A One-Month-Old Baby’s Growth And Development

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Babies undergo significant changes during the first year of their lives. In less than a year, your newborn starts to move around, speak (or attempt to), and show initial signs of autonomy. Your one-month-old baby starts getting used to the strange, new world, as the parents become experienced in taking care of their many needs.

It is worth noting that babies tend to behave differently during their first month, and all may not exhibit similar behavioral characteristics. If a baby is prematurely born, they may take some extra time before they catch up with their peers in terms of their character. Here are some of the changes you should expect in your baby during the first month.

Body Development

You shouldn’t be worried if your one-month-old baby sheds some weight. At delivery, most babies have extra body fluid and usually shed about 10 per cent of their body weight prior to stabilizing and starting to gain. Before the end of two weeks, the weight of the baby should be the same as during its delivery. By the end of the first month, babies rapidly gain weight at an average of about half an ounce every day. It is important during your postnatal visits to inquire from your doctor if your baby is developing at the appropriate pace.

Nervous System

Your one-month-old baby continues to develop its motor skills, and some babies achieve a lot of development in their first four weeks. From delivery, your baby has several intrinsic reflexes, such as sucking. Soon after delivery, with a little help from you, they will be able to bolt on your nipple to feed. The baby grasps your finger if you put it in their palm, and you will be able to gauge its strength at this tender age.

Excited babies will flip their arms and legs as a motor reflex. Most surprisingly, your one-month-old baby will try to walk if you support their body with their feet on the floor. Although babies who are one-month-old have the ability to turn their heads when lying on their back, they may not have the neck strength to support their head while standing. So, it is important to support the head of your baby when lifting them.

Sleep

From delivery, all the baby wants is to feed and spend their time sleeping. Indeed, babies spend more than 15 hours a day sleeping. Because your one-month-old baby is yet to adapt to the normal day and night cycle, their sleep patterns are inconsistent. To help your baby adjust, limit most activities to daytime, and quietly do things in the dark or at night. With time, your baby will learn that the day is for play and night is meant for sleep.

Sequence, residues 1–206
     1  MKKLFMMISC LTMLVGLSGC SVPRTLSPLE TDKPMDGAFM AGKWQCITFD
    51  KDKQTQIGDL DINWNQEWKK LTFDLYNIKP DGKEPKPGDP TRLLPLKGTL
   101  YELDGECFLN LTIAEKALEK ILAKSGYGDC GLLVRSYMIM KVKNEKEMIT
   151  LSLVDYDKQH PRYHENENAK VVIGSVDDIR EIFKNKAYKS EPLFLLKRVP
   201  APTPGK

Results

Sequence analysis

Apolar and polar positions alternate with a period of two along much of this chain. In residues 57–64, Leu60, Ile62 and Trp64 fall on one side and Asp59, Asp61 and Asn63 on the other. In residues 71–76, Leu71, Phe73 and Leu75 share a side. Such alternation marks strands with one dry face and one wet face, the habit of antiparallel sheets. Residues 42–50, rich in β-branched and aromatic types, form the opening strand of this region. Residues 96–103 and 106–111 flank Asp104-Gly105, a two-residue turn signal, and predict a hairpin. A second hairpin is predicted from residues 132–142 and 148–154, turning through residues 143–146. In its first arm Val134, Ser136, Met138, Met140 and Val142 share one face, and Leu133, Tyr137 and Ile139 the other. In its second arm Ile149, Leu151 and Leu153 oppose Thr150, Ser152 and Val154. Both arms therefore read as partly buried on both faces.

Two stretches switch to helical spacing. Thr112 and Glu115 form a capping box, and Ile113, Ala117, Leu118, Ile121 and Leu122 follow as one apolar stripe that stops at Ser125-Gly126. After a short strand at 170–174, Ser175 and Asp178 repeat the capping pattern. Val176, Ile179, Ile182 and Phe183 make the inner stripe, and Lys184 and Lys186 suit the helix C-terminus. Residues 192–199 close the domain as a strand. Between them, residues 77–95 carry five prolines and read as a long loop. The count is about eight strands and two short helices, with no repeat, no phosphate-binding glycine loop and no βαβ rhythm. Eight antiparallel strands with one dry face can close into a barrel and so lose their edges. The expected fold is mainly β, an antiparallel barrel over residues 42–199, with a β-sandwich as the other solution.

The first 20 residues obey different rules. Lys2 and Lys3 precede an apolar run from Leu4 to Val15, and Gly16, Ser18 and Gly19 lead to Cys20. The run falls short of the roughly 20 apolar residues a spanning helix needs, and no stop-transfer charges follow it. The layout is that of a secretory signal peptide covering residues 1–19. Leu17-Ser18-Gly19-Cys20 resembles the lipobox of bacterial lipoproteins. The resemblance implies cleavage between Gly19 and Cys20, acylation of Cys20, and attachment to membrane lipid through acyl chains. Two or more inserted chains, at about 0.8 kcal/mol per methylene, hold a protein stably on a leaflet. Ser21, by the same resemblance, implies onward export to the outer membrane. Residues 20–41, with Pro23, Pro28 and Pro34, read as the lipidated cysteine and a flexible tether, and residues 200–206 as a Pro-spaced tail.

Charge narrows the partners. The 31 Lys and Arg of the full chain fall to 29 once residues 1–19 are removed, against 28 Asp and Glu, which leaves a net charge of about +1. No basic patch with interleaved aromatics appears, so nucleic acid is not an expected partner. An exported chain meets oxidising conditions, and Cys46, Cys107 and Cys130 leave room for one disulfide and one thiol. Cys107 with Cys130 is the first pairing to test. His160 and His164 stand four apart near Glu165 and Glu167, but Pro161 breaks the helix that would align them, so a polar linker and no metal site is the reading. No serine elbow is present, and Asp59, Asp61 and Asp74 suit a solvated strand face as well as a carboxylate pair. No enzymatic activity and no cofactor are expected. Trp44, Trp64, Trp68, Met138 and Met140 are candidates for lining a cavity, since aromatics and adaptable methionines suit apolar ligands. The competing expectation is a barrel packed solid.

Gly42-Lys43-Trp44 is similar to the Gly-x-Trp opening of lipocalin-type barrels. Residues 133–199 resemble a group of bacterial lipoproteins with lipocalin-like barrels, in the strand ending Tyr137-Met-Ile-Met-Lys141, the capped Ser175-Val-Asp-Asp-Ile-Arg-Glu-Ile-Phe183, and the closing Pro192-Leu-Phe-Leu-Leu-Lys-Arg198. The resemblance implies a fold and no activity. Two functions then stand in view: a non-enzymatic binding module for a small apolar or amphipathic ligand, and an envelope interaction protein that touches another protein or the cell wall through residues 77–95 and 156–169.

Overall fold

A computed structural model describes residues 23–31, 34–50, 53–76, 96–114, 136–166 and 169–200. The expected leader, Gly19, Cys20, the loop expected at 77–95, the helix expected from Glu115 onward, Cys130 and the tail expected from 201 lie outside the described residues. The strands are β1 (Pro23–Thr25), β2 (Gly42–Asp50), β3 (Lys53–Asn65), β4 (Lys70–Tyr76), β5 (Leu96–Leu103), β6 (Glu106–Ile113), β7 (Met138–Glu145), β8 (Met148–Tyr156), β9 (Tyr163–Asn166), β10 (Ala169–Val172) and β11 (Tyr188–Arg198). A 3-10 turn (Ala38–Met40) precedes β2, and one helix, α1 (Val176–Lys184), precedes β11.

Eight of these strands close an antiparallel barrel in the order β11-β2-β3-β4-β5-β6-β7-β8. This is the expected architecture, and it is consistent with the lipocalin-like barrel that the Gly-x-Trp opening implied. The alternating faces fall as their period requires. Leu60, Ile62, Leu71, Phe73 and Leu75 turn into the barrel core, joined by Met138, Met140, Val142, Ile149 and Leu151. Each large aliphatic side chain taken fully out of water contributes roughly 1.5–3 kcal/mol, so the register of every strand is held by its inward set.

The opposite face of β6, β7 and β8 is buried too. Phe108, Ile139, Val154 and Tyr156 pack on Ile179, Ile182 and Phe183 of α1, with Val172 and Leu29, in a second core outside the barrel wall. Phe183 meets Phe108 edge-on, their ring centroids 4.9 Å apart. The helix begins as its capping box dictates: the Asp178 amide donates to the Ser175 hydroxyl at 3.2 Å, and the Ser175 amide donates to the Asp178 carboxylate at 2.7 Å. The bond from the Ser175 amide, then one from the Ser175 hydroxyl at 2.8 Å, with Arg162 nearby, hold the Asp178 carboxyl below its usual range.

It’s important to note that the sleep cycle of the one-month-old baby is distinct from an adult’s. Newborns spend most of their time in REM sleep (Rapid eye movement sleep) than in non-REM sleep. This is the main reason they awaken easily during their first few weeks.

Common Sense

  • Eyesight: At delivery, babies have very blurry eyesight. They can only see things that are just a few inches away. This means they can clearly see your face when nursing, and they prefer staring at you than at fancy objects within their vicinity. An object with a higher contrast is easier to spot for a one-month-old baby If you place the object near their eyes, then you will notice when they try to focus. You should contact your pediatrician if your baby continues closing its eyes during this time after three months.
  • Hearing: Newborns have underdeveloped hearing senses, although they can recognize sounds — particularly the voices of their parents, which they started hearing in the womb. One-month-old babies respond to high-pitched sounds. If you notice that your baby is not responding to sounds, it is important to inform your pediatrician.
  • Taste and Smell: Just like adults and older children, babies love sweet tastes. They may not distinguish between bitter and sour tastes because their taste buds are yet to develop fully. Surprisingly, your one-month-old baby is very sensitive to smell. They can detect the scent of breastmilk or their mother’s nipple only a few days after delivery.

Feeding

If you choose to breastfeed your baby, you should do so at least eight times every day—about after every two to three hours. Feed up to six times a day if you are bottle feeding your baby. As a parent, you can either feed your baby on a schedule or when you realize that they are hungry — when they start moving their head in search of a breast or become persnickety if you touch their cheek. After feeding enough, the baby may look satisfied or even fall asleep. Six wet diapers a day is a clear indication that your baby is feeding well.

Communication

Your one-month-old baby communicates by crying. It is normal for one-month-old babies to cry up to three times in a day. You shouldn’t be worried if crying decreases as days pass by. Crying can be an indication that your baby is hungry, tired, or has a wet diaper. If your baby tends to cry too much, it could be an indication that they have colic or an illness, and you should contact your doctor immediately.

Conclusion

From delivery, babies do undergo tremendous changes throughout their first month. Most of their body organs continue to develop gradually from the first day in this world. You shouldn’t be worried by these normal changes, though something unusual should be reported to a pediatrician during the postnatal clinic.

May your baby have a tremendous growth!

Resources:

http://www.webmd.com/parenting/baby/baby-development-1-month

https://www.glozine.com/lifestyle/health

https://www.consumerhealthdigest.com/health-center/

Featured photo credit: Shutterstock via shutterstock.com

The post A One-Month-Old Baby’s Growth And Development appeared first on Lifehack.

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